Trump feuds with Trudeau as Vt. officials fret

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WASHINGTON — Tensions between the United States and key allies reached new heights over the weekend as President Donald Trump attacked Canadian Prime Minister Justin Trudeau for retaliating against a new set of tariffs.

After leaving the Group of Seven conference with world leaders in a Quebec resort town Saturday, Trump called Trudeau "very dishonest and weak" in a tweet.

This month, Trump imposed tariffs on imports of steel and aluminum from Canada and other American allies, a reversal from a previous indication that those countries would have an opportunity to avoid the tariffs.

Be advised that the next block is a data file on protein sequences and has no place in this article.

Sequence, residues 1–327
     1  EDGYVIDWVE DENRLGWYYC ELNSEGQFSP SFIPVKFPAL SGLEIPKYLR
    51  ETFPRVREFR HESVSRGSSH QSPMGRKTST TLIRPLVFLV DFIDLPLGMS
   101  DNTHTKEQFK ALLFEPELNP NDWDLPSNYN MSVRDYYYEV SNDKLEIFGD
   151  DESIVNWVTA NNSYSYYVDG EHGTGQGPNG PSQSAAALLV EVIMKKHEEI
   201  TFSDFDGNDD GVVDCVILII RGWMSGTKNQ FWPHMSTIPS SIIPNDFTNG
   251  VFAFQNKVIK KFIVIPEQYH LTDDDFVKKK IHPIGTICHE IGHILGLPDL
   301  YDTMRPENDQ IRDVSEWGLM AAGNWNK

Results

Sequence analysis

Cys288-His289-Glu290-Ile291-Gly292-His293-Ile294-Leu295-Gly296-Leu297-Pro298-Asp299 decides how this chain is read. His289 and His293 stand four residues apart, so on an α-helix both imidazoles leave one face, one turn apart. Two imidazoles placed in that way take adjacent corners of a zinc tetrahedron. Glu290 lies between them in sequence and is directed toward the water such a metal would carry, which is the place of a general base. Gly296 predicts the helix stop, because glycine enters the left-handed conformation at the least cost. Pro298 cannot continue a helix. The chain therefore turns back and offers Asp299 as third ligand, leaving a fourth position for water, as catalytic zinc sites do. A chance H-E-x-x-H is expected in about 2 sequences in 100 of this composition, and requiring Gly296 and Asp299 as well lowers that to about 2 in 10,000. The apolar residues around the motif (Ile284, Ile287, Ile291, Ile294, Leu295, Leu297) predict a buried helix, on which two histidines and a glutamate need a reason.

Trudeau, who hosted the major diplomatic convention, has called the move an insult to the countries' historically close relationship, and Canada responded by compiling a long list of new tariffs on American products.

A chilling of trade

A chilling of trade between the U.S. and Canada could have major implications for Vermont.

According to the U.S trade representative, exports to Canada are a major factor in the Vermont economy. Vermont exported

$1.2 billion in goods to Canada in 2016 — more than a third of the total international exports.

Canadian authorities have vowed to match the value of the steel and aluminum tariffs the United States imposed with tariffs on a wide-ranging list of products — from toilet paper to condiments to maple syrup.

Consumers and businesses in Vermont and elsewhere could end up feeling the brunt of the volley of new tariffs between the two countries in their wallets.